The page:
It was immediate insofar as the unit was delivered and activated in the afternoon and the following morning I awoke minus itchy eyes, irritated runny nose and lungs relaxed. I'd say that it took 4/5 days for my lungs to become significantly less congested. Due to my house dust mite allergy I personally clean the bedroom thoroughly each week including bed linen, mattress etc. Now each week when I clean, surface dust is non existant.

    Attached screen shots from the purifier monitoring app.

  • Jeff

    @Kathy P. Thank you for the reply. I have read many research papers and also the official claim by the US EPA that it is not effective for allergy relief since the particles are too large. What do you guys think?

  • Shea

    I know that for animal dander allergy, if the animal is in the house, an air purifier might reduce dander because there is so much of it everywhere, but it does not reduce dander to the point where I was helped with allergy symptoms at all. Now that I do not have pets, the air purifiers I have now certainly help other allergy and asthma triggers, such as dust mites, pollens, molds, and indoor pollution, and they keep the air fresh feeling. Last time I went on vacation at a nice home with hardwood floors, never animals, same weather/geographical area, I missed my air purifier so bad, and had to take more benadryl, use more inhalers, woke up feeling so much worse. I will pack my purifier next time, I swear. It is important to get HEPA, and not the ionizers that produce ozone. It is important to vacuum prefilters of purifier weekly and to change filters when indicated. And, it is important to keep up with other housework, like washing bedding and linens in hot water weekly (sometimes it happens biweekly for me because there are so many, but something gets washed each week: curtains, sons bedding, my bedding). Those things really helped both my son and I (he used to take benadryl nightly, and now rarely needs it, and I still have severe allergies and asthma, but I know I am doing everything I can, and I am making progress).

  • jujutsumaster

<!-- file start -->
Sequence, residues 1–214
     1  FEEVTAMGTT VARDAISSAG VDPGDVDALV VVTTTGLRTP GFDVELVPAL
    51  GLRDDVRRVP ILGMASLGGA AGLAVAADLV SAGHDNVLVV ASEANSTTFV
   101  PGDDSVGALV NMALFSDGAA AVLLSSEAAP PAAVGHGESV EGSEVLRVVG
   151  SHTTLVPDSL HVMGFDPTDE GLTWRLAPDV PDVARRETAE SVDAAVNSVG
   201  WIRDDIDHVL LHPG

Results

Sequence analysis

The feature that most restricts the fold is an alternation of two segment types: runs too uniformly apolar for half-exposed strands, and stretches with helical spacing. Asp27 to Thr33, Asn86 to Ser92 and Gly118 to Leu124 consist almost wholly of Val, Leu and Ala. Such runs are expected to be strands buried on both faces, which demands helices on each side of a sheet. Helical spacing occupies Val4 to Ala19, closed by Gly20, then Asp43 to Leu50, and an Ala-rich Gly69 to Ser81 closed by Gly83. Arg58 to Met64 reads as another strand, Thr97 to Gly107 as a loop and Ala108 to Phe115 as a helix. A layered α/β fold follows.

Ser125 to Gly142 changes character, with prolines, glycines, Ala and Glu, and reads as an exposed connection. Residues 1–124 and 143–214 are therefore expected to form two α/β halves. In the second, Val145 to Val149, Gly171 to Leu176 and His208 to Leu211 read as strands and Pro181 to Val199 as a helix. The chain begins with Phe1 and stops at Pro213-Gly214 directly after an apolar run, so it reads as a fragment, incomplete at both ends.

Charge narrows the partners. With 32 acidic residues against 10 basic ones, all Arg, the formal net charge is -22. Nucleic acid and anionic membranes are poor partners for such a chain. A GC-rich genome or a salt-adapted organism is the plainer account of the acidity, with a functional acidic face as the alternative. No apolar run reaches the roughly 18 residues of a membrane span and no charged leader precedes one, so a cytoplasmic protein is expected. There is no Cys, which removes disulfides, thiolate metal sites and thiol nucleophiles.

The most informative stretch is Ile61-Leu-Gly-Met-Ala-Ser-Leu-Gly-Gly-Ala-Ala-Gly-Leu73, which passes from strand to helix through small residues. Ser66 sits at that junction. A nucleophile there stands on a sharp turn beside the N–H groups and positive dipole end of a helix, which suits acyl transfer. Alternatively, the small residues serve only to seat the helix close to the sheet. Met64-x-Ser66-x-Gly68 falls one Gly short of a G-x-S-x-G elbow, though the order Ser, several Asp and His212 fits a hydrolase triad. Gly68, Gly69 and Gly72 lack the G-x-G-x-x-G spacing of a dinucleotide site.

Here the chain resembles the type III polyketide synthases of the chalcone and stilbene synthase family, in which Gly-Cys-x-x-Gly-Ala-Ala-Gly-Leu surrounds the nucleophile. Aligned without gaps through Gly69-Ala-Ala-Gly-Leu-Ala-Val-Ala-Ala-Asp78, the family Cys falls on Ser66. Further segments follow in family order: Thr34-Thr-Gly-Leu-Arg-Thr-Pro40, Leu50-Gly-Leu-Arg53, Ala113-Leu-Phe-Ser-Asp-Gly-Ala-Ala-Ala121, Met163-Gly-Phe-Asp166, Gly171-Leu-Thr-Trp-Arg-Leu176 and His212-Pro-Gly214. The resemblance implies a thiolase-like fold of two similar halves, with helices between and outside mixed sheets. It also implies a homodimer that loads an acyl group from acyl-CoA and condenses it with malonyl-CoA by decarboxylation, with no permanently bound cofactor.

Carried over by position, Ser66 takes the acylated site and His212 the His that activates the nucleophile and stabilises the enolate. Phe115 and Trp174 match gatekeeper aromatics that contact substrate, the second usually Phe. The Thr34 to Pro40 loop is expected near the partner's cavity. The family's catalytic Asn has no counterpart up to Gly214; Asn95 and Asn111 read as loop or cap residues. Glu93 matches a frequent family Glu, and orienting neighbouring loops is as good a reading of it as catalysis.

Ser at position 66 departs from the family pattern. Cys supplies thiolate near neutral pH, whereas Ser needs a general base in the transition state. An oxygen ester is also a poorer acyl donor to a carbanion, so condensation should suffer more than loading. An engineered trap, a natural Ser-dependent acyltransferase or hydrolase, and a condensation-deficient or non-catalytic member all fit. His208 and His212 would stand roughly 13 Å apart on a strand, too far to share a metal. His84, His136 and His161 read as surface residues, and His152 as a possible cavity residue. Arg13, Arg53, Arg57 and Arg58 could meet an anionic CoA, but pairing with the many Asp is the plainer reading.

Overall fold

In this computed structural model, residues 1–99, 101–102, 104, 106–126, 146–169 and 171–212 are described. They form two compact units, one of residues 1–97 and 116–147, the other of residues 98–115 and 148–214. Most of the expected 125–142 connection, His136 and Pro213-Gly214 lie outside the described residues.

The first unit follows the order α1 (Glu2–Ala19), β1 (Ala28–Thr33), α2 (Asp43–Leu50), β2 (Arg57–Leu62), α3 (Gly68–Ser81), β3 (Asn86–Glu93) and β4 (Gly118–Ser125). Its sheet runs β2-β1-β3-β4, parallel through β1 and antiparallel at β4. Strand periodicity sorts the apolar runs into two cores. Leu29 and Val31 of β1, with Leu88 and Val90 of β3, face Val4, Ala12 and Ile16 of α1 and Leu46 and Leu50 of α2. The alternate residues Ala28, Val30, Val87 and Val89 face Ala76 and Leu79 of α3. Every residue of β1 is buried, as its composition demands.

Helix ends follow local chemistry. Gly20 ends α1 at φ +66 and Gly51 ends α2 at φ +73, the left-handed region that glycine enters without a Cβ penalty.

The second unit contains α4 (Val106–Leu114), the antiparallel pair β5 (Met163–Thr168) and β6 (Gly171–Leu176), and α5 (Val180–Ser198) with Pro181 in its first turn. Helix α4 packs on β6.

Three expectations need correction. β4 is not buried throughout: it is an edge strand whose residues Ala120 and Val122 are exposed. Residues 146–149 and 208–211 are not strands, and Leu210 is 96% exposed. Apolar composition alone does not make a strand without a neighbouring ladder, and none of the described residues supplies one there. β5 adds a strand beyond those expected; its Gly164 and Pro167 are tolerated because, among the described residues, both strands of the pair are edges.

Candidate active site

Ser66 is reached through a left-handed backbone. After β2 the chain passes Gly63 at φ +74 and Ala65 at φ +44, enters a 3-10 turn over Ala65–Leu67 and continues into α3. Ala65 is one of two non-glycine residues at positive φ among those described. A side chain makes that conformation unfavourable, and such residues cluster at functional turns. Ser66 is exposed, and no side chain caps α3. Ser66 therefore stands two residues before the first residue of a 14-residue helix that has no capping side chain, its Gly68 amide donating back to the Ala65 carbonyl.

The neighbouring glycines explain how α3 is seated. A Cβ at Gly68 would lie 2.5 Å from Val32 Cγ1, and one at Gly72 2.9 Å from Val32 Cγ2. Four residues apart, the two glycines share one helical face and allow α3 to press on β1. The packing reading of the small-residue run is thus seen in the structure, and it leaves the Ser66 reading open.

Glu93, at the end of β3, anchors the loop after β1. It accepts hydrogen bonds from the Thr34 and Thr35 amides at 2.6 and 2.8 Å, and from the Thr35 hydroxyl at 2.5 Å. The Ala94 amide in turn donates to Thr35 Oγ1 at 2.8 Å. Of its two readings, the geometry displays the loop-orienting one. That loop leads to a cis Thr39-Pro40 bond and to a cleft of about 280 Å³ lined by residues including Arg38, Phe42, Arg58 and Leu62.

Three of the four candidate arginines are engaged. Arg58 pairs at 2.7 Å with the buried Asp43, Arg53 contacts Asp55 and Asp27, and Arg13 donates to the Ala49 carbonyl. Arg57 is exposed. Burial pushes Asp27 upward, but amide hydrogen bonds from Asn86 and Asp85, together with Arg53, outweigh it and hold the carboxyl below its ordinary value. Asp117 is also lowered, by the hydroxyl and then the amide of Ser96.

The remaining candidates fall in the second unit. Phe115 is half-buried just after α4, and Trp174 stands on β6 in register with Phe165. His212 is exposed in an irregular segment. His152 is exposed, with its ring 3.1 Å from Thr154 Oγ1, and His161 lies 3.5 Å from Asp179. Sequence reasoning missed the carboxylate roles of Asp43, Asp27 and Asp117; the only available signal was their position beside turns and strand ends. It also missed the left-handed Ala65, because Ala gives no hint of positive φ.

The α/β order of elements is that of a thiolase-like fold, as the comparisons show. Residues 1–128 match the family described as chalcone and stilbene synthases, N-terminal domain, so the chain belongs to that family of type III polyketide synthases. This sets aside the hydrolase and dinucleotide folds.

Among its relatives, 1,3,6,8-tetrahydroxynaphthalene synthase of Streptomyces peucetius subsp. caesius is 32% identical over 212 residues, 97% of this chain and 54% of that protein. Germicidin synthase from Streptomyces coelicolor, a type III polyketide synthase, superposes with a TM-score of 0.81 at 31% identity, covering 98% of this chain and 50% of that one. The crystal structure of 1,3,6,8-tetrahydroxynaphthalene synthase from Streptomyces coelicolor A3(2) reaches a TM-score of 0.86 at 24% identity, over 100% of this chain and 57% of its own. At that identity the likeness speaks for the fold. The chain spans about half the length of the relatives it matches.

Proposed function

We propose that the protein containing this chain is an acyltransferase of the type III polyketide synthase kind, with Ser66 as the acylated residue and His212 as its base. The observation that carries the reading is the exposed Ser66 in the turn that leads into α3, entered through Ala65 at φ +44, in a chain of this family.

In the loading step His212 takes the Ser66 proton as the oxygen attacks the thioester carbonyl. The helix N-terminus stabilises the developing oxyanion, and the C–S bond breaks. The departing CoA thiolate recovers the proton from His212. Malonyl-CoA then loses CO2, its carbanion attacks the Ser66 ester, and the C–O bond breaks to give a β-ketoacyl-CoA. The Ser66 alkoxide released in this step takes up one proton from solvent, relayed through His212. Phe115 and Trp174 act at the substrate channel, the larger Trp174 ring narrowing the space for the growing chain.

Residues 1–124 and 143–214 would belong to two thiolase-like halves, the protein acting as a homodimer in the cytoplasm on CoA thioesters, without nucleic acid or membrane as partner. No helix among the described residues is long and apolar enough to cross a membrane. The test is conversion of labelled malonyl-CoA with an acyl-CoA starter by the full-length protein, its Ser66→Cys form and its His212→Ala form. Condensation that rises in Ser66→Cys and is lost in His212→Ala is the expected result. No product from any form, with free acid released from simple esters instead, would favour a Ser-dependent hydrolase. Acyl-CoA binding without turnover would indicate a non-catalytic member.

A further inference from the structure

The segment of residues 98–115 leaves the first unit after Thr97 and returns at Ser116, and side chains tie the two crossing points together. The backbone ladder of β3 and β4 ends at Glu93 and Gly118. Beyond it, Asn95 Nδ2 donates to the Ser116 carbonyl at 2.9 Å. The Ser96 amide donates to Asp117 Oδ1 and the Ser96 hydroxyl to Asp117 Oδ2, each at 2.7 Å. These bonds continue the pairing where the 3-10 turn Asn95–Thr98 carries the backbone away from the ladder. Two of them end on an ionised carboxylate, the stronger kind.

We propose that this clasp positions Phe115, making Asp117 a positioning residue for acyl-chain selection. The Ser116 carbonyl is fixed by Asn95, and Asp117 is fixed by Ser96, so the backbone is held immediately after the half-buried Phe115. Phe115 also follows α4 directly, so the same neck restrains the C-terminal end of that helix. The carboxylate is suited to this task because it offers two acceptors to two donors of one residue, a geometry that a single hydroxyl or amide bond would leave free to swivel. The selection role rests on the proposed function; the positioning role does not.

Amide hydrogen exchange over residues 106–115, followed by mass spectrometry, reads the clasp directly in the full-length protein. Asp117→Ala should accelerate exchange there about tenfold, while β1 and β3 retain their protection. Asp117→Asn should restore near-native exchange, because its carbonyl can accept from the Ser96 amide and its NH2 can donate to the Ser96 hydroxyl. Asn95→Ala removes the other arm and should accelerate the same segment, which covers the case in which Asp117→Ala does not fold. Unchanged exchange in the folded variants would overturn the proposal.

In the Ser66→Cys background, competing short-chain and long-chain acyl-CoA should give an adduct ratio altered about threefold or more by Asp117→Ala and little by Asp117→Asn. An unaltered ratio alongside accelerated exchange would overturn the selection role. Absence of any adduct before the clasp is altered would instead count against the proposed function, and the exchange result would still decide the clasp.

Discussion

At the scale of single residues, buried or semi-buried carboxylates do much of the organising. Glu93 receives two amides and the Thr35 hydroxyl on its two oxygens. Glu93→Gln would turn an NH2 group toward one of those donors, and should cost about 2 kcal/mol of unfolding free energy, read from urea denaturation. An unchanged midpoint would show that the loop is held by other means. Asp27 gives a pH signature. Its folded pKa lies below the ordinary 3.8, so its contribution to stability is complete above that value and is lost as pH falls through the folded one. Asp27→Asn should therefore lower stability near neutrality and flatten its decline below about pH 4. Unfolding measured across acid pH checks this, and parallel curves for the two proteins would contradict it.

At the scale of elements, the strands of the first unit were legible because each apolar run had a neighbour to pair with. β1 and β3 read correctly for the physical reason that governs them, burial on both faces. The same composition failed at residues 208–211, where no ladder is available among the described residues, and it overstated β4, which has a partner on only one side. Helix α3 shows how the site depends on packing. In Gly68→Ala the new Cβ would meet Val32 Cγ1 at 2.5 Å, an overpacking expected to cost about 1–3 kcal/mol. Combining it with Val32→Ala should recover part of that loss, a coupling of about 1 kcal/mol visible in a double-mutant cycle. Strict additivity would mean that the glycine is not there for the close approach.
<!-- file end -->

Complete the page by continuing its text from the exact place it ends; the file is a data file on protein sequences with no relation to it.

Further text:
I can agree with SHEA. My purifier has so far been life changing and I don't have pets. Agree with the cleaning regime etc. 

  • Kathy P

    One other thing about dander is that it's "sticky" – it sticks to walls, ceilings, everywhere! Air purifiers can only clean particles that are suspended in the air. So, if you have a lot of dust around on surfaces, it can't help with that. But if that dust is disturbed and made to be airborne, then it can (potentially) clean it out of the air.

  • Kathy P

    Jeff – what are you hoping the air purifier with do for you? Are you dealing with a lot of indoor allergens? Do you have other allergy prevention measures in place? Would this be for home or work?

  • Jeff

    @Kathy P. Refer to the US EPA report. It says that purifiers do not effectively remove particles over 2 microns. Allergens are much larger.

     

  • jujutsumaster

    Ok my last word on this subject. My Dyson Cool Tower removes particles down to 0.1 microns and has transformed my allergy life over the last few weeks and has enabled my doc and me to agree to withdraw my daily steroid inhaler, so far with no ill effects.

    Of course this is helping to deal with my lifelong main allergy to house dust mite that has caused me to have several endoscopic nasal surgeries. Other folks have other airborne allergies they cannot avoid especially outdoors. But here's a thought – my air purifier affords me a safe haven in my bedroom for several hours a day when sleeping. Respite indeed.